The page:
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Cotton v. Werlich

United States District Court, S.D. Illinois

November 30, 2017

SHANNON L. COTTON, No. 14735-026,
v.
T.G. WERLICH, Respondent.

          MEMORANDUM AND ORDER

          HERNDON, DISTRICT JUDGE

         Petitioner, currently incarcerated in the FCI-Greenville, brings this habeas corpus action pursuant to 28 U.S.C. § 2241 to challenge the constitutionality of his confinement. He asserts that in light of Mathis v. United States, -- U.S. --, 136 S.Ct. 2243, 2250 (2016), and United States v. Hinkle, 832 F.3d 569 (5th Cir. 2016), he should not have been subject to the career-offender enhancement under the United States Sentencing Guidelines (“USSG”) based on his 2 previous Illinois drug-related convictions. (Doc. 1).

         This case is now before the Court for a preliminary review of the Petition pursuant to Rule 4 of the Rules Governing Section 2254 Cases in United States District Courts. Rule 4 provides that upon preliminary consideration by the district court judge, “[i]f it plainly appears from the petition and any attached exhibits that the petitioner is not entitled to relief in the district court, the judge must dismiss the petition and direct the clerk to notify the petitioner.” Rule 1(b) of those Rules gives this Court the authority to apply the rules to other habeas corpus cases, such as this action under 28 U.S.C. § 2241. After carefully reviewing the Petition, the Court concludes that this action is subject to dismissal.

         The Petition

         On November 20, 2007, in the Central District of Illinois, Petitioner pled guilty to distributing 5 grams or more of cocaine base, and to possession of 5 grams or more of cocaine base with intent to distribute (21 U.S.C. § 841(a)(1) and (b)(1)(B)). (Doc. 1, pp. 1-2); United States v. Cotton, Case No. 07-cr-20019 (C.D. Ill.). He was sentenced to 262 months, under the career offender enhancement found in the United States Sentencing Guidelines (“USSG”), § 4B1.1 and § 4B1.2(b), because he had 2 prior state felony convictions for controlled substance offenses. (Doc. 1, pp. 4-5); see also Cotton, Case No. 07-cr-20019 (C.D. Ill.), Doc. 11.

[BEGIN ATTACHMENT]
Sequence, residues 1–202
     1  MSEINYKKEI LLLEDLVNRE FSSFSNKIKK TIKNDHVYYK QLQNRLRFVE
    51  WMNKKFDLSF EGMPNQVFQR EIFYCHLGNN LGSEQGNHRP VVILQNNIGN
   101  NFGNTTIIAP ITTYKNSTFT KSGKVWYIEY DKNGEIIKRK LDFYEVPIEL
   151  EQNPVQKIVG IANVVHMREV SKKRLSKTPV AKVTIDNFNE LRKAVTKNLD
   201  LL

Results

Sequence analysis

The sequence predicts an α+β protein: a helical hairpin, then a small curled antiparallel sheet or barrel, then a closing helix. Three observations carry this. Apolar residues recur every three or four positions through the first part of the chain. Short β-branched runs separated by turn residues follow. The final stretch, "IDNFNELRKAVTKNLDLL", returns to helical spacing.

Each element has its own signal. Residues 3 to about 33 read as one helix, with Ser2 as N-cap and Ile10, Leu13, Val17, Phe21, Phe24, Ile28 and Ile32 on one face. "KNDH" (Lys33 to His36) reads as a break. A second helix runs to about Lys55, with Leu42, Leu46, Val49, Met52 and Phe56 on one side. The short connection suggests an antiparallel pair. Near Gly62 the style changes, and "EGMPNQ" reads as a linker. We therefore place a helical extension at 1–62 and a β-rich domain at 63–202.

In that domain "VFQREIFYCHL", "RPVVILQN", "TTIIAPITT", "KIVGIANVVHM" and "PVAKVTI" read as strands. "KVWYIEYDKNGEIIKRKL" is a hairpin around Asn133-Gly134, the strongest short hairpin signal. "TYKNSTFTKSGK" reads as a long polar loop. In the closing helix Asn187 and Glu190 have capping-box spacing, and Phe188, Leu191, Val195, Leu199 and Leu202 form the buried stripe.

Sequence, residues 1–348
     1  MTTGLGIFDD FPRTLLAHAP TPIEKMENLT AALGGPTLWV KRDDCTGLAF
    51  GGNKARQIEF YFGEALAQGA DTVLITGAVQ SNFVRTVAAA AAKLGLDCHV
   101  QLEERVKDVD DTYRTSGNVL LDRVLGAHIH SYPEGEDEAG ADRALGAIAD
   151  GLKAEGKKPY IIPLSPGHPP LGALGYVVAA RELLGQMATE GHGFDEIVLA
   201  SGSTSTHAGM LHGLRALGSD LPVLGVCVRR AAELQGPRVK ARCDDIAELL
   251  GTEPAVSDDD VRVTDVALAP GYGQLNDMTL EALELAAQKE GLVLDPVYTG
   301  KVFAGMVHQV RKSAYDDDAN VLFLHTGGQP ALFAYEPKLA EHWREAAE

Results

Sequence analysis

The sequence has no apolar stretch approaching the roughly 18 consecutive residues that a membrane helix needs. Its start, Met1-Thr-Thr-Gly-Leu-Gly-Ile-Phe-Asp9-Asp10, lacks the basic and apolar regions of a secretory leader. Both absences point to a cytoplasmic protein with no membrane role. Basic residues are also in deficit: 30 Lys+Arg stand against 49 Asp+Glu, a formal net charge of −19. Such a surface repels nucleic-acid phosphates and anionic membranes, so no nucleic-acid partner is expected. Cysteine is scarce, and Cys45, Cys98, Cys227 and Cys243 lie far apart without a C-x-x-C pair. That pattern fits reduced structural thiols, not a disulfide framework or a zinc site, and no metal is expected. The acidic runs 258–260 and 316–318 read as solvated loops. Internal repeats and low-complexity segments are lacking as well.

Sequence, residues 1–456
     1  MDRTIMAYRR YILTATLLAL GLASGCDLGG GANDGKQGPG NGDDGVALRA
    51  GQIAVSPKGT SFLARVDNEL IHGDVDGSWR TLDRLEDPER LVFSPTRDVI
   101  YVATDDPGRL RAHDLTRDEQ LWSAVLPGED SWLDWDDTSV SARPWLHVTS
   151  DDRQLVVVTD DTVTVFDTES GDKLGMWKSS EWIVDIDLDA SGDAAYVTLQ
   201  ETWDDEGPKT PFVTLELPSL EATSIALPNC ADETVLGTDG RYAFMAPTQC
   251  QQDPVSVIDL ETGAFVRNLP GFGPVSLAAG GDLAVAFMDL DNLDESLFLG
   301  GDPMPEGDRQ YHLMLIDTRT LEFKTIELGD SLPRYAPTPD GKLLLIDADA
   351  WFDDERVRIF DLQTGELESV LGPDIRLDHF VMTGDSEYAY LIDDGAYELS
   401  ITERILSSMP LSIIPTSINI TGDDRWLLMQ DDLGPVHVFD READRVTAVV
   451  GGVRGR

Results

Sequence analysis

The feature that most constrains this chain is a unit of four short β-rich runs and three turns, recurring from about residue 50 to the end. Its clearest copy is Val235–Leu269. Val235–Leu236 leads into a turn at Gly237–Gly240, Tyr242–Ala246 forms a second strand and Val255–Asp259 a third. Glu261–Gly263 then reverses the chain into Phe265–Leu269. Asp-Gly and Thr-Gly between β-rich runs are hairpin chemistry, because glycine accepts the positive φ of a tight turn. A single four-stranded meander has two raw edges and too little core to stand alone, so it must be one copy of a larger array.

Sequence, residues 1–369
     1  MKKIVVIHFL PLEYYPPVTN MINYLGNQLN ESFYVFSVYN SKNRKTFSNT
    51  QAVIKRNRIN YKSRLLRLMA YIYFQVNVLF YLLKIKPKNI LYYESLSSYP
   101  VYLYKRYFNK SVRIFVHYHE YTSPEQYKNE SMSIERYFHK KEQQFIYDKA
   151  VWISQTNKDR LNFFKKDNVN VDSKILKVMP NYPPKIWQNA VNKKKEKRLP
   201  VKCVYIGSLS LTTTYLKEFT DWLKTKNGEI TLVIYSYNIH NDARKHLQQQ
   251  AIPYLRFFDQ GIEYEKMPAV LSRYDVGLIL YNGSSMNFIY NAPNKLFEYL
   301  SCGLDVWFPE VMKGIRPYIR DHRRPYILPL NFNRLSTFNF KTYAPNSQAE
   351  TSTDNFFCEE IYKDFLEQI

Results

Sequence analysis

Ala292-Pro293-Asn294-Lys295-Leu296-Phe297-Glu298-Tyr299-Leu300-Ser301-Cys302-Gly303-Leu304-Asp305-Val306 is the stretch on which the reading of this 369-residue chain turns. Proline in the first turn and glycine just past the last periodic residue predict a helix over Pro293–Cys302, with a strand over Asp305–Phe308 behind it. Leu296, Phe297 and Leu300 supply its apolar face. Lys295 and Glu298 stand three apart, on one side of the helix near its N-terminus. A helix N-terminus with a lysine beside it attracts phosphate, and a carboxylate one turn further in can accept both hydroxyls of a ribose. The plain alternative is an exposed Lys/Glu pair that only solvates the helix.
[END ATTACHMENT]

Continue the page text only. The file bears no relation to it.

In 1998, Petitioner had been convicted in Champaign County, Illinois (Case No. 98-CF-345), of possession of a controlled substance with intent to deliver, in violation of 720 ILCS 570/401(c)(1). (Doc. 1, p. 5). He also had a prior conviction for unlawful delivery of a controlled substance (Champaign County Case No. 00-CF-1559), in violation of 720 ILCS 570/407(b)(2).[1] (Doc. 1, p. 5); Cotton, Case No. 07-cr-20019 (C.D. Ill.), Doc. 11. The Illinois statute provides that it is “unlawful . . . to manufacture or deliver, or possess with intent to manufacture or deliver, a controlled substance[.]” 720 ILCS 570/401; (Doc. 1, p. 5).

         Petitioner references the federal sentencing guideline definitions at USSG § 4B1.2(b), which state that a “controlled substance offense” is one “that prohibits the manufacture, . . . distribution, or dispensing of a controlled substance . . . or the possession of a controlled substance . . . with intent to . . . distribute or dispense.” A person who has 2 convictions for a controlled substance offense (or a crime of violence) is subject to an enhanced sentence as a “career offender.” USSG § 4B1.1(a).